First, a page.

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Cabo Verde Transitional Results Report 2018-2021

The Open Government Partnership is a global partnership that brings together government reformers and civil society leaders to create action plans that make governments more inclusive, responsive, and accountable. Action plan commitments may build on existing efforts, identify new steps to complete ongoing reforms, or initiate an entirely new area. OGP’s Independent Reporting Mechanism (IRM) monitors all action plans to ensure governments follow through on commitments. Civil society and government leaders use the evaluations to reflect on their progress and determine if efforts have impacted people’s lives.

The IRM partnered with Luciana Tuszel to carry out this evaluation. The IRM aims to inform ongoing dialogue around the development and implementation of future commitments. For a full description of the IRM’s methodology, please visit

This report covers implementation of Cabo Verde’s first action plan (2018–2021). In 2021, the IRM began to implement a new approach to its research process and the scope of its reporting on action plans, approved by the IRM Refresh.[1] The IRM adjusted its implementation reports for 2018–2020 action plans to fit the transition process to the new IRM products and enable the IRM to adjust its workflow in light of the COVID-19 pandemic’s effects on OGP country processes.

II. Action Plan Implementation

The IRM transitional results report assesses the status of the action plan’s commitments and the results from their implementation at the end of the action plan cycle. This report does not re-visit the assessments for “verifiability,” “relevance,” or “potential impact.” The IRM assesses those three indicators in IRM design reports. For more details on each indicator, please see Annex I in this report.

2.1. General highlights and results

Cabo Verde’s first action plan contained three commitments on (1) ease of doing business, (2) public infrastructure, and (3) open data. Commitments 1 and 2 had limited relevance to the open government values of civic participation, transparency, or public accountability. During implementation, all three commitments saw low levels of completion, due to the COVID-19 pandemic and limited resources. Consequently, Cabo Verde’s first action plan resulted in few changes to open government practices. Due to the COVID-19 pandemic, Cabo Verde took advantage of the option to extend their implementation period by one year, ending in 2021.

Implementing Commitment 2 led to the publication of calls for tenders and the development of guidelines around public infrastructure planning. Commitment 3 led the state technology company (NOSi) to establish the backend tools for an open data portal. Yet the portal was ultimately not launched within the implementation period. Overall, Cabo Verde’s first action plan resulted in the development of some foundational technical and organizational infrastructure for opening government. However, these tools are not yet implemented to the extent that Cabo Verdeans have greater information or influence in government decision-making.

Cabo Verde did not constitute a multistakeholder forum with civil society during either the development or implementation of this action plan. Therefore, Cabo Verde continues to fall below the minimum level of public influence required throughout the action plan cycle.[2] Cabo Verde has also not yet established an OGP repository with information on the progress of open government reforms.[3] Due to these factors, Cabo Verde continues to act contrary to OGP process. Cabo Verde must establish a multistakeholder forum or space with equal representation of civil society and government members to avoid procedural review under OGP policy.[4] Cabo Verde should also prioritize establishing an OGP repository to meet OGP’s minimum requirements and provide transparency around open government reforms.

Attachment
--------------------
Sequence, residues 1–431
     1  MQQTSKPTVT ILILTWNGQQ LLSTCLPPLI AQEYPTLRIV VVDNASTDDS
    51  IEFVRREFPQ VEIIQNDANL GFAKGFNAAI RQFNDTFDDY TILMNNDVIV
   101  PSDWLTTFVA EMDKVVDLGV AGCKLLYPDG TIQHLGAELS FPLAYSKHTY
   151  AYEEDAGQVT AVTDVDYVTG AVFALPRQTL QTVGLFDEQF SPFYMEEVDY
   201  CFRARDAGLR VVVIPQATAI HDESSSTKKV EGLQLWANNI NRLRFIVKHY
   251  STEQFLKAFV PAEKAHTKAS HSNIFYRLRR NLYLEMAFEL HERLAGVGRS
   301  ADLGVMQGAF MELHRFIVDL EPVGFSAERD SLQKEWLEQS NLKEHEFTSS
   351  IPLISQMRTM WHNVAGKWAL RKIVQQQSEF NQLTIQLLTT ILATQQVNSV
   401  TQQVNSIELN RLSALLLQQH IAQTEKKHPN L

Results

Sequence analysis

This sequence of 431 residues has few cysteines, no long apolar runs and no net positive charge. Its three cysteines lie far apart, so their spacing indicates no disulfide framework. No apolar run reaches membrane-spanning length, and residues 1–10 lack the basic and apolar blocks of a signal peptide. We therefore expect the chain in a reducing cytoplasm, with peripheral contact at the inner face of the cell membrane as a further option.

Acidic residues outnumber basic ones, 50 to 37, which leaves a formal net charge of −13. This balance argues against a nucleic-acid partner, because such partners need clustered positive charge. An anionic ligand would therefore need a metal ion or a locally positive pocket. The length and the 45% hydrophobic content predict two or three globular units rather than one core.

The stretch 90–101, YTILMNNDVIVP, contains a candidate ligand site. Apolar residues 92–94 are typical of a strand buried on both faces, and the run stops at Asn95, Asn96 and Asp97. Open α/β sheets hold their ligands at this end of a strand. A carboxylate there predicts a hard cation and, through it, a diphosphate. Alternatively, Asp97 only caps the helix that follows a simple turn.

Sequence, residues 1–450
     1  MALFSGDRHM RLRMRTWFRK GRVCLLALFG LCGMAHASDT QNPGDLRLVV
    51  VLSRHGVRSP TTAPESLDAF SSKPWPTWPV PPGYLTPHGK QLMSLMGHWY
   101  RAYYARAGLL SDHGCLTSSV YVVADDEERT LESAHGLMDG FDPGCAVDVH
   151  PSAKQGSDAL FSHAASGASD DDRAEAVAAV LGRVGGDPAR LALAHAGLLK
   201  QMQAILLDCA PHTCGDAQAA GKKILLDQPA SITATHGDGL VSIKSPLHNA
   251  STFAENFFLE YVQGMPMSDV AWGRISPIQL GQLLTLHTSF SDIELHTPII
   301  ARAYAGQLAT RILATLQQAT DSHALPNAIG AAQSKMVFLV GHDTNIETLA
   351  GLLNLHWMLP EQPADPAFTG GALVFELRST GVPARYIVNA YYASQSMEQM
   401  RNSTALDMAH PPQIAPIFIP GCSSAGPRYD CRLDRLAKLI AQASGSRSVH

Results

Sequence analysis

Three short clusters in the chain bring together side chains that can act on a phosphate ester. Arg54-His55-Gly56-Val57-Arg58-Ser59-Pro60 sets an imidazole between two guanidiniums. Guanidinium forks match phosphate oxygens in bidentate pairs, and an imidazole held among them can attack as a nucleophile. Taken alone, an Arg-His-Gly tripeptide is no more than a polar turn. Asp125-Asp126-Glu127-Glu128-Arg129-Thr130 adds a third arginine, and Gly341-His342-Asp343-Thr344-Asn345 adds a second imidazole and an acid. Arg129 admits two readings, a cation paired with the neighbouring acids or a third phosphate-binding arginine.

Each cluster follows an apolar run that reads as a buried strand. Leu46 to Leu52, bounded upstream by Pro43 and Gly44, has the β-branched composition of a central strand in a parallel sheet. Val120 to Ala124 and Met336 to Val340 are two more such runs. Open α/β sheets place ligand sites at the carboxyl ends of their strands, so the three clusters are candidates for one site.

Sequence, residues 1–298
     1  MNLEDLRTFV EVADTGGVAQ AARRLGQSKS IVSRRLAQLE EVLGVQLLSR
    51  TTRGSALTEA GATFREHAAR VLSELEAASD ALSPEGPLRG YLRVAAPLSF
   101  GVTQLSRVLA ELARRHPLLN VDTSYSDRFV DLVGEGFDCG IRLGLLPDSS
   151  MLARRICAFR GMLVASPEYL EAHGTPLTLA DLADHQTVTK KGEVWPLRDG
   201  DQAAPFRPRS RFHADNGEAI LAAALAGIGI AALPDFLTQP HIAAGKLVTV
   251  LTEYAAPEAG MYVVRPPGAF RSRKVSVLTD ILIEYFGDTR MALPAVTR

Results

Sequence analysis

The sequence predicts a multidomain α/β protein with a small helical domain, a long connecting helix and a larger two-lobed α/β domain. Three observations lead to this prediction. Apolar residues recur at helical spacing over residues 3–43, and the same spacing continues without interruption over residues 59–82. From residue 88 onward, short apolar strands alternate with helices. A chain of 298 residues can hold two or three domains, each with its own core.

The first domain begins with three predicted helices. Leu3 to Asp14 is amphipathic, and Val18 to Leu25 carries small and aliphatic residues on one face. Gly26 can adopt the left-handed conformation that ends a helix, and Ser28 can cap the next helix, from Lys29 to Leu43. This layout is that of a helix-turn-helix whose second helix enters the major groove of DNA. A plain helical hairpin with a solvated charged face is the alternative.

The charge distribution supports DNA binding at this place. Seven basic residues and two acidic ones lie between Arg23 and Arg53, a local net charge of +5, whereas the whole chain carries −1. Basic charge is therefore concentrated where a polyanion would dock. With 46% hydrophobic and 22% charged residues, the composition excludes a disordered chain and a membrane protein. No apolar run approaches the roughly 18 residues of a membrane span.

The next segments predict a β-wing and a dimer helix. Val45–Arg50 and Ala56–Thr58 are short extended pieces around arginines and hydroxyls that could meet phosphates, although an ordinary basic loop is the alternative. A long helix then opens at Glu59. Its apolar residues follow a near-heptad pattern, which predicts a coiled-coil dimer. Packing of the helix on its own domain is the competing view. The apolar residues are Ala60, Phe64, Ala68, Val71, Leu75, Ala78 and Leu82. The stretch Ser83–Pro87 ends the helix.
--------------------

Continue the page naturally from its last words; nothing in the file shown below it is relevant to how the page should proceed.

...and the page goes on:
2.2. COVID-19 pandemic impact on implementation

COVID heavily impacted implementation of Cabo Verde’s action plan. Most of the new platforms (including the open data portal, land registry, and public infrastructure map) were not released due to budgetary restrictions and the prioritization of actions to combat the pandemic.[5] The repository for publishing documents related to the OGP was not realized either, also due to budget constraints. Tourism accounts for up to 25% of Cabo Verde’s GDP and it is estimated that the economy shrank 14.8% in 2020.[6]

Commitment 3, which aimed to establish an open data internet portal, was heavily impacted by the pandemic. The IT public company Núcleo Operacional da Sociedade da Informação (NOSi) was the agency that would support the commitment, but it had to prioritize needs arising from the pandemic. NOSi was responsible for developing several internet portals and new systems to deal with the effects of the pandemic and sanitary management needs, such as a health information website for the public, issuing certificates and authorizations, and information management for health management actors like the government and the WHO.

[1] For more information, see:

[2] IRM, “IRM Guidance for Meeting the Minimum Participation Requirement During Co-Creation” (OGP, 13 Jul. 2021),

[3] IRM, “IRM Guidance for Online Repositories” (OGP, 1 Mar. 2020),

[4] OGP, “Procedural Review” (accessed Feb. 2022),

[5] Harold Tavares (Chief of Staff to the Prime Minister of Cabo Verde, Prime Minister’s Office and OGP Point of Contact), interview by IRM researcher, 8 Nov. 2021.

[6] World Bank, “A Pandemia da COVID-19 colocou desafios sem precedentes à economia de Cabo Verde e expôs as vulnerabilidades do Modelo de Crescimento” [The COVID-19 Pandemic Has Posed Unprecedented Challenges to Cabo Verde’s Economy and Exposed the Vulnerabilities of the Growth Model] ( 9 Sep. 2021),


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